Andrzej Jeziorski/MUNICH

GERMAN TRANSPORT minister Matthias Wissman is pushing for the introduction of a European "black list" of airlines which have questionable safety standards.

Airlines on the list would be banned from operating in the European market. If the proposal does not get backing from other European Union (EU) member states, Germany could pursue it independently, says Wissman.

The transport ministry points out that the USA already has such a black list policy, although this is aimed at countries, rather than specific airlines.

The proposal was revealed, at a European transport ministers meeting in Brussels, where participants agreed on a German initiative to form an expert panel, including European Commission representatives, to improve air safety. The panel could put forward its first safety proposals as early as the next ministers' meeting, due to be held in June.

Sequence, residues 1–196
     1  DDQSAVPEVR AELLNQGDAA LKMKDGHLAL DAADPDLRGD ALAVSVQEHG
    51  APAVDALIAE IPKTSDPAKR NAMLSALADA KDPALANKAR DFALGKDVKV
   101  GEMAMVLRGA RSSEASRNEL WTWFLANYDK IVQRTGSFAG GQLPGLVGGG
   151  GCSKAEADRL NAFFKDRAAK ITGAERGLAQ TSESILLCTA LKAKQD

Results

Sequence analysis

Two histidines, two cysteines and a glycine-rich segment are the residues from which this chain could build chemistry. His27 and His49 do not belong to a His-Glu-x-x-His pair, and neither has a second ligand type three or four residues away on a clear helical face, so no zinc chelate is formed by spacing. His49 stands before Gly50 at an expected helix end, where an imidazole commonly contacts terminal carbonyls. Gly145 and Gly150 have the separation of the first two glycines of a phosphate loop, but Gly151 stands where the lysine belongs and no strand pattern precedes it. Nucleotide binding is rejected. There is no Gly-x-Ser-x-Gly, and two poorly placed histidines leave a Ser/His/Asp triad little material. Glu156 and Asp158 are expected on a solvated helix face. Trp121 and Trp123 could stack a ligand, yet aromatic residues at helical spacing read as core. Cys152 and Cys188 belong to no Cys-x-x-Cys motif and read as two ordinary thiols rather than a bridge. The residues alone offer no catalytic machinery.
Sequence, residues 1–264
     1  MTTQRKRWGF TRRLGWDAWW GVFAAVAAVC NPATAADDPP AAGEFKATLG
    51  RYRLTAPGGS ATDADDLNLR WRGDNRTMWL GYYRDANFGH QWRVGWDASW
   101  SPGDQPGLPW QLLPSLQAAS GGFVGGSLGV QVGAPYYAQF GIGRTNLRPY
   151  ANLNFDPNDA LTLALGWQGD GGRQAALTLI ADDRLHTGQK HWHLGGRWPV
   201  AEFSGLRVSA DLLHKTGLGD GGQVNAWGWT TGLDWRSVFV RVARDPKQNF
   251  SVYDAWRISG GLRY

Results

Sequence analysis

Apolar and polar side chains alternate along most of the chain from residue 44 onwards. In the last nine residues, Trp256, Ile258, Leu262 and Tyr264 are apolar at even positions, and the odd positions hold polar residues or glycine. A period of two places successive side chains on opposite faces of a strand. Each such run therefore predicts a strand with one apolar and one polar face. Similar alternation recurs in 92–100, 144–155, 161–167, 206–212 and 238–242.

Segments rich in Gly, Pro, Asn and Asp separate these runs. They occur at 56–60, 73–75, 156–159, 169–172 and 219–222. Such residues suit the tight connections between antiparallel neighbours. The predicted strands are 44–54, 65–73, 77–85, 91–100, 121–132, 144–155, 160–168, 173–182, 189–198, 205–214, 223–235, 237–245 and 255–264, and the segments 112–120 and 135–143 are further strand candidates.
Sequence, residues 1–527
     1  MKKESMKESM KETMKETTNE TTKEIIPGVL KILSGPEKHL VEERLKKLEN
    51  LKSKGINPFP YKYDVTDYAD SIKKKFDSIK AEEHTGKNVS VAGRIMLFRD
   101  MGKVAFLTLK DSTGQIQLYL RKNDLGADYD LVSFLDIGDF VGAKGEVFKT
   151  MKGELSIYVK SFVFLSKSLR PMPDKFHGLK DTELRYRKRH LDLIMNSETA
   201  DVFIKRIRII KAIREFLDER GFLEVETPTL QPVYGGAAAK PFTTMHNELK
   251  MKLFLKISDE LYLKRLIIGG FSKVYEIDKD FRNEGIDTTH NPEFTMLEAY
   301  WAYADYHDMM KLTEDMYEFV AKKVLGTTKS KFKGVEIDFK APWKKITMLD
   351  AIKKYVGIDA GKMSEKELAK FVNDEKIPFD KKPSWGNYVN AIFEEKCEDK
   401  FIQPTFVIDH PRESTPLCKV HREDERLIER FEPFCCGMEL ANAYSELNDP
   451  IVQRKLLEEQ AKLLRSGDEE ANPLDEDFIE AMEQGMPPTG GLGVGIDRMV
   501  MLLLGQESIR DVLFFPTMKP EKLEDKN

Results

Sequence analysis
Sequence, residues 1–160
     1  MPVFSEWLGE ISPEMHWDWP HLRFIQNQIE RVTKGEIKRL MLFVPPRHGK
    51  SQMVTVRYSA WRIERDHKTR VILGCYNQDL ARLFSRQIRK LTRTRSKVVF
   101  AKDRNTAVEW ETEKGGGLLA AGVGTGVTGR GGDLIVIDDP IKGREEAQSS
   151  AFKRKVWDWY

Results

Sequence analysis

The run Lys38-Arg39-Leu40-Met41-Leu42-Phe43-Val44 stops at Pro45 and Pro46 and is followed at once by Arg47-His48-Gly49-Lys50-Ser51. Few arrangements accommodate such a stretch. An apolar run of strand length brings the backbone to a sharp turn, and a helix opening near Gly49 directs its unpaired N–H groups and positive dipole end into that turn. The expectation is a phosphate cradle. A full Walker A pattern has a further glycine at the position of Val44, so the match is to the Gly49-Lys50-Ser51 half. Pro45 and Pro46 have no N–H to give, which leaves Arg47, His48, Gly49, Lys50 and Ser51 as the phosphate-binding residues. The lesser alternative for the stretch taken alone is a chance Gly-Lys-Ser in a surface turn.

"We cannot drive the liberalisation of air transport along and, at the same time, leave safety regulations unchanged," says Wissman.

Plans could also include a "stamp of quality" for airlines, to allow travelers to make informed decisions when booking flights. Wissman recommends setting up a European air-safety organisation and applying common safety standards in all European member states, as well as closer co-operation between the EU and European air-traffic-control organisation Eurocontrol.

The minister says that his proposals already have strong support from eight EU member states, including Austria, France, Italy, the Netherlands, Spain and Sweden.

Wissman's safety drive is thought to have been motivated by the 6 February crash of a Birgenair Boeing 757-200 in the Caribbean, in which 189 people died, mostly German holidaymakers. The incident has made air safety, particularly among small charter-carriers, a key topic in Germany.

Source: Flight International